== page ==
The U.S.S. Carl Vinson and U.S.S. John C. Stennis hail each other in the North Arabian Sea, January 19, 2012. Photo: U.S. Fifth Fleet.
During Monday night’s debate, presidential hopefuls Newt Gingrich and Mitt Romney tried to position themselves as latter-day Admiral Lord Nelsons — masters of seapower. Instead, they came off like guys who could barely steer a canoe. Both Romney and Gingrich either misunderstood basic facts about the Navy, overlooked inconvenient evidence or endorsed things Obama is already doing.
Start with Romney. Romney has made sea power a centerpiece of his national security strategy — and rightfully so, given the Pentagon’s tilt (heavily pushed by Obama!) toward the Pacific. How would President Romney handle the Iranian threat to close the waterway through which a fifth of the world’s oil transits?
“So we ought to have an aircraft carrier in the gulf, an aircraft carrier, and, of course, the task force with it in the Mediterranean,” Romney said. “We want to show Iran, any action of that nature will be considered an act of war, an act of terror and America is going to be keep those sea lanes open.”
What Romney didn’t mention is that as of Sunday, there is an aircraft carrier in the Gulf, the U.S.S. Abraham Lincoln, with a second, the Carl Vinson, nearby in the North Arabian Sea. A third, the U.S.S. John C. Stennis, just left and is sailing to the Pacific; it would take mere days to call it back if the need arises.
And all of this follows a fairly routine U.S. naval posture in the Middle East. It’s called “1.5 to 1.7″ — translated from the Pentagonese, it means that there’s an average of at least 1.5 carriers in the region every 12 months. More directly, it means that at any given time, Iran faces more U.S. seapower than most of the world’s navies — especially its own — can offer.
But all Romney sees is a Navy in decline. He reprised an omnibus line of attack on Obama: “Under this president and under prior presidents, we keep on shrinking our Navy. Our Navy is now smaller than any time since 1917.”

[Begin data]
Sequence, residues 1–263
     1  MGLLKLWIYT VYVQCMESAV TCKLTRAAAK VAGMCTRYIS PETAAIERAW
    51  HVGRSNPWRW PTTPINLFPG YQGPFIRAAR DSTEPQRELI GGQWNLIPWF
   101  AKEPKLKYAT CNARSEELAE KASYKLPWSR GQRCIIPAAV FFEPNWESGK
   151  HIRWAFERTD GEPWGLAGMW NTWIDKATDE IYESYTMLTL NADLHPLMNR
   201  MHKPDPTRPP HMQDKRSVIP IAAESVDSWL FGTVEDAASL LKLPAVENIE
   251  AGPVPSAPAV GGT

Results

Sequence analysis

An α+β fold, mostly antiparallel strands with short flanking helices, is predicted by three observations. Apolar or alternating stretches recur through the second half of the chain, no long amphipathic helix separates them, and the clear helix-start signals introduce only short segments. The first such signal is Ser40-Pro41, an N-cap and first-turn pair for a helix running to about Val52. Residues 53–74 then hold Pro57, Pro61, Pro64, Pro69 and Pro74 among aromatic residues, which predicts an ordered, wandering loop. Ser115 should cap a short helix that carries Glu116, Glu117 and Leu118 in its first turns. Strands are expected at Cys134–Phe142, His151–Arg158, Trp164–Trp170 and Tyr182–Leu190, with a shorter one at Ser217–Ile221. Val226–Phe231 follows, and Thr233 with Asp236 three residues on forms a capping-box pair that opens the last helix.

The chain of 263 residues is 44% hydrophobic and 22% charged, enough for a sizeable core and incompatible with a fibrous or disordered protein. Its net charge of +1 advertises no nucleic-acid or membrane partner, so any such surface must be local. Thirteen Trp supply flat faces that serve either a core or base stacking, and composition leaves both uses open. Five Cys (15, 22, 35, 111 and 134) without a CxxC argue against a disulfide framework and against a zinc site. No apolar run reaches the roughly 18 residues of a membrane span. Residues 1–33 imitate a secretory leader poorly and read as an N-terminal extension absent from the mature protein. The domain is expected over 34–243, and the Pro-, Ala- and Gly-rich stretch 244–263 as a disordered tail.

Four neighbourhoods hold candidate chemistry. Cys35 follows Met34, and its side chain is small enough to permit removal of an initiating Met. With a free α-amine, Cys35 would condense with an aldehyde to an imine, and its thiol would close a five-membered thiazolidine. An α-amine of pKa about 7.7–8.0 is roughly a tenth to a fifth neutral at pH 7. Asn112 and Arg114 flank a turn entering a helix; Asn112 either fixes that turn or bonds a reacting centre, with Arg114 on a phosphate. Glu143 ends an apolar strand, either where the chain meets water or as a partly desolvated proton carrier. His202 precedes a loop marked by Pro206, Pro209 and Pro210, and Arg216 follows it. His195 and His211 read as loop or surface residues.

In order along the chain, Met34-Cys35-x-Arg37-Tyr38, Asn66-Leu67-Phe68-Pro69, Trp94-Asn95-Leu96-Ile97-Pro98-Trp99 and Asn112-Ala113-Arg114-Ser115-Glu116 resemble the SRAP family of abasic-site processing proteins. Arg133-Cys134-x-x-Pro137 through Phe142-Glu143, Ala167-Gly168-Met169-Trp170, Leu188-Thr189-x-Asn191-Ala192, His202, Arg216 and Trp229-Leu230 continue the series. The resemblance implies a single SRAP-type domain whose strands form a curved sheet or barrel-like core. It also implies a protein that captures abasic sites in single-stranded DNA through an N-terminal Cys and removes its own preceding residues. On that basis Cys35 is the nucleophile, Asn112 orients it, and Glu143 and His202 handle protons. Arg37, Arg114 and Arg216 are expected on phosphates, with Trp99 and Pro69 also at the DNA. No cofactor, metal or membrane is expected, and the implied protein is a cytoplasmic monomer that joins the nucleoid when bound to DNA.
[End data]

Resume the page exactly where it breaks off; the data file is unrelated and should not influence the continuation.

This is the sort of thing that’s literally true but meaningless in context. Counting ships is less important than counting types of ships, because they offer different seapower options. In 1917, the Navy did not have any aircraft carriers. It did not have silent, nuclear-powered (let alone nuclear-armed) spying submarines. It did not have — for all their many, many problems — modular minehunters that can operate close to enemy shores. And on and on.
In fact, as Politico’s Chuck Hoskinson has pointed out, Obama’s very Navy chiefs have unveiled a shipbuilding plan that goes from the current 288-ship fleet to 325 by early next decade. “Romney’s point falls flat as a political attack,” Hoskinson wrote last week, “because he’s suggesting the administration should do what it already had planned to do.”
Romney and his main rival for the nomination, Newt Gingrich, found themselves in a rare agreement: an Iranian closure of the strait or an attack by Iran on a U.S. Navy ship “will be considered an act of war,” as Romney put it. Hard to argue with that — only you’d never know from listening to them that they’re backing Obama’s position.
Defense Secretary Leon Panetta has said closing the strait is a “red line” for U.S. interests. The Joint Chiefs chairman, Gen. Martin Dempsey, elaborated that the U.S. would forcibly reopen the strait if necessary. The Lincoln just steamed through the strait to make the threat credible — while the Iranians did not so much as attempt to challenge it. And any president would order an immediate military response if a hostile power attacked his Navy ships.
Bottom line: no matter who wins the U.S. presidential election, Iran will get bombed if it closes the sea route through which a fifth of the world’s oil passes.
But Gingrich, befitting his history of bellicosity on Iran, went further. “I would say that the most dangerous thing, which by the way, Barack Obama just did, the — the Iranians are practicing closing the Straits of Hormuz, actively taunting us,” Gingrich said, “so he cancels a military exercise with the Israelis so as not to be provocative?”
Actually, Obama didn’t cancel the joint exercise. Israeli Defense Minister Ehud Barak requested it be postponed, because, a Pentagon official told the Atlantic’s Jeffrey Goldberg, “the Israelis were concerned that they did not have the resources in place to carry it out effectively.”
More to the point, Gingrich somehow forgot to mention that Obama had ordered the Abraham Lincoln to pass through the strait despite the Iran’s threats — an act which did more to expose the hollowness of the Iranian posturing than any military practice run could hope to accomplish.
Romney and Gingrich’s rudderlessness marks a shift for the GOP. The Republicans have a long track record of nominating Navy war heroes for president, from Gerald Ford to George H.W. Bush to John McCain. The 2012 crop? Not so much.